TRENTON, N.J., Jan. 17 -- The New Jersey Senate Democrats issued the following news release:
Legislation sponsored by Senate Majority Leader Loretta Weinberg and Senator Nia H. Gill that requires all health insurers in New Jersey to cover orally-administered cancer medications under similar terms and conditions used in the coverage of intravenous or injected cancer drugs was signed into law.
"Medical research over the past decade has provided cancer patients with alternatives to the traditional intravenous and injected cancer drugs. New, orally-administered drugs have shown to cause fewer or reduced side effects typically associated with cancer medications," said Senator Weinberg (D-Bergen). "It is imperative that we update our laws to stay current with advances in medical research and treatments to ensure that these drugs are covered equally and as affordably as other cancer treatment options to provide relief to cancer patients throughout New Jersey."
The law (S-1834) requires health insurers to provide insurance coverage for prescribed, orally-administered cancer medications on a basis which is no less favorable than the policy or contract provides for injected anticancer medications. Under the law, insurers are prohibited from subjecting the coverage of oral cancer medication to any prior authorization stipulations, dollar limits, copayments, deductibles or coinsurance standards that do not apply to intravenously-administered or injected cancer drugs. The law also prohibits insurers from imposing new barriers on injected anticancer drugs in order to comply with the provisions of this bill.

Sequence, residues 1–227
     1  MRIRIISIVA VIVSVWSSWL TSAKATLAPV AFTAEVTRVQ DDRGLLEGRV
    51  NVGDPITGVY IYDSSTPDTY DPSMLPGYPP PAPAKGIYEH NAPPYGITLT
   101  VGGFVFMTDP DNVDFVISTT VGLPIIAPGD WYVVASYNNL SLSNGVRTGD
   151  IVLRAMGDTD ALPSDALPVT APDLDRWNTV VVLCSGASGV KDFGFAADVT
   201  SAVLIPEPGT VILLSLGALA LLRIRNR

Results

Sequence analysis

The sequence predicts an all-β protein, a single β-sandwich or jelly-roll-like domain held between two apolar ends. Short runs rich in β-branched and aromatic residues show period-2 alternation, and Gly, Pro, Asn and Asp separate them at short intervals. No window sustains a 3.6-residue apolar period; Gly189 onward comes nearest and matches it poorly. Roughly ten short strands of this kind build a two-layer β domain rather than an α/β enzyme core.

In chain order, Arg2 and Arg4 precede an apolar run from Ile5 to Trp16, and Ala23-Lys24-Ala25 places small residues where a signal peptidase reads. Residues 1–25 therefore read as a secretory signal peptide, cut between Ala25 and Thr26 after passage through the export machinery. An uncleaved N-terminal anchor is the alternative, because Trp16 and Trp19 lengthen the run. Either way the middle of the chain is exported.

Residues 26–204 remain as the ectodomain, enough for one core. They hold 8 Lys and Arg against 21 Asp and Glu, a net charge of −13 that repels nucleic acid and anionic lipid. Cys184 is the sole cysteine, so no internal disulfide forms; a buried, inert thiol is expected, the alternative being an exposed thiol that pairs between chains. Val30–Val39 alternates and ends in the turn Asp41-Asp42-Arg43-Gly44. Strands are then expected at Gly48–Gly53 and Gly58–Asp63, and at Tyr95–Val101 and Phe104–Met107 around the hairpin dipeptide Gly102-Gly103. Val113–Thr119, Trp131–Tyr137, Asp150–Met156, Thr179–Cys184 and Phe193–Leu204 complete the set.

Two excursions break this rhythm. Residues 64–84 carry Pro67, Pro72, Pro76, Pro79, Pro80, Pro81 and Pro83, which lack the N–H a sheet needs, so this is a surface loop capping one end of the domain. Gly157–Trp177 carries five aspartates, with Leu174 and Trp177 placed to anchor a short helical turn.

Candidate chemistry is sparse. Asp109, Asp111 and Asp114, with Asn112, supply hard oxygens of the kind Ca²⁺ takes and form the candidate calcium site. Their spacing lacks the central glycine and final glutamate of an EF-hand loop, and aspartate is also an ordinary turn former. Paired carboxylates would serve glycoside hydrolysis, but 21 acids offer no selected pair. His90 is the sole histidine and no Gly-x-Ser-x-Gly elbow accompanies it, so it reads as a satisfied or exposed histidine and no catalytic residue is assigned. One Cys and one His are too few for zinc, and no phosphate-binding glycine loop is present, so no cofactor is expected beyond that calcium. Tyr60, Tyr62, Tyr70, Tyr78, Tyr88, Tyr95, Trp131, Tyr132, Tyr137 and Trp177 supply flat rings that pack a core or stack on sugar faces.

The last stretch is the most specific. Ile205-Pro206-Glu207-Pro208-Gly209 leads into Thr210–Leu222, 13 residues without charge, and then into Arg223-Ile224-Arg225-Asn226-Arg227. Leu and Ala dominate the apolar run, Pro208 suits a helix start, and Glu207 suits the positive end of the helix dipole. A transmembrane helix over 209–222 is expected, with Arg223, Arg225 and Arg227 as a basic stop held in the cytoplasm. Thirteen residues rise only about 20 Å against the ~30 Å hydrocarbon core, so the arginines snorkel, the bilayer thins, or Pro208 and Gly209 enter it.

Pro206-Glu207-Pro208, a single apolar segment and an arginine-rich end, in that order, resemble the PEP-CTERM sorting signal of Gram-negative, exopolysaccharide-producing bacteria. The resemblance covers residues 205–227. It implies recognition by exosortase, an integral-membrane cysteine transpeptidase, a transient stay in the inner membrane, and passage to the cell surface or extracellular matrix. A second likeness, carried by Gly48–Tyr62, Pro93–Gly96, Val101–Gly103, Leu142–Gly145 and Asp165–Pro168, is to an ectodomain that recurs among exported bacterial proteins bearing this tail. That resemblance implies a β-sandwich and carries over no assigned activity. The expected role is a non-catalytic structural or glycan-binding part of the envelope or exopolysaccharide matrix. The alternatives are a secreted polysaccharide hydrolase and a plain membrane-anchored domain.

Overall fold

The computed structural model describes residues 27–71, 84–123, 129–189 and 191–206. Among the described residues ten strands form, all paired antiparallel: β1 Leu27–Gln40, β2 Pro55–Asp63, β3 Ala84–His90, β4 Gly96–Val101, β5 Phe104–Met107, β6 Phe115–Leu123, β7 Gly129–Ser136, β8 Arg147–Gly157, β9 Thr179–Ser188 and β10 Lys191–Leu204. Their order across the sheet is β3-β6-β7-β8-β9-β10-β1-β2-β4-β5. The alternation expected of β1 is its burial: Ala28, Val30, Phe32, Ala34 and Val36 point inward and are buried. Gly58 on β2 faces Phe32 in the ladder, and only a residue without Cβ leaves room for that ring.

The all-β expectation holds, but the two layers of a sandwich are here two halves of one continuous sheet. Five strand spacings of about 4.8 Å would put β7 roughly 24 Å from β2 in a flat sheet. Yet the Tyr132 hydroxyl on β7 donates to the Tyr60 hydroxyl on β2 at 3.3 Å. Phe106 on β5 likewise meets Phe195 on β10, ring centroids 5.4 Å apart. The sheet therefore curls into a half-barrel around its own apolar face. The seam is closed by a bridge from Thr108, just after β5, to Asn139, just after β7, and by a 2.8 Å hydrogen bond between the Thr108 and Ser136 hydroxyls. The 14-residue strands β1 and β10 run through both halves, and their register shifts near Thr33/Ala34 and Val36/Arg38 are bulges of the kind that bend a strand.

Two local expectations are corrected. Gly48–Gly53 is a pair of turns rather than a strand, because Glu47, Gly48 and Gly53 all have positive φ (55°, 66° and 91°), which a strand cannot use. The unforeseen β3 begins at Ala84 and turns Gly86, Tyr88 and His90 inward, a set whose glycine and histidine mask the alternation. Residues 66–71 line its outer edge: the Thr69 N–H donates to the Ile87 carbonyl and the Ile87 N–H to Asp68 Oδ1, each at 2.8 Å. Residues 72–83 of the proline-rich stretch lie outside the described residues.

"For people suffering from cancer, sometimes the prescribed course of treatment can be just as painful as the disease. Fortunately, medical research is developing better cancer treatments that limit the harsh side effects that are traditionally associated with chemotherapy and radiation therapy," said Senator Gill (D-Essex and Passaic), Chairwoman of the Commerce Committee. "Now we must update the law so that these new drugs are covered by insurance companies under terms similar to the intravenous cancer drugs, so that the patient and doctor can determine which course of treatment is best for them based on medicine rather than on the cost of the drugs."
The bill passed the General Assembly by a vote of 68-2-5 and the Senate with a vote of 37-2.
TNS MJ88-120118-3744415 StaffFurigay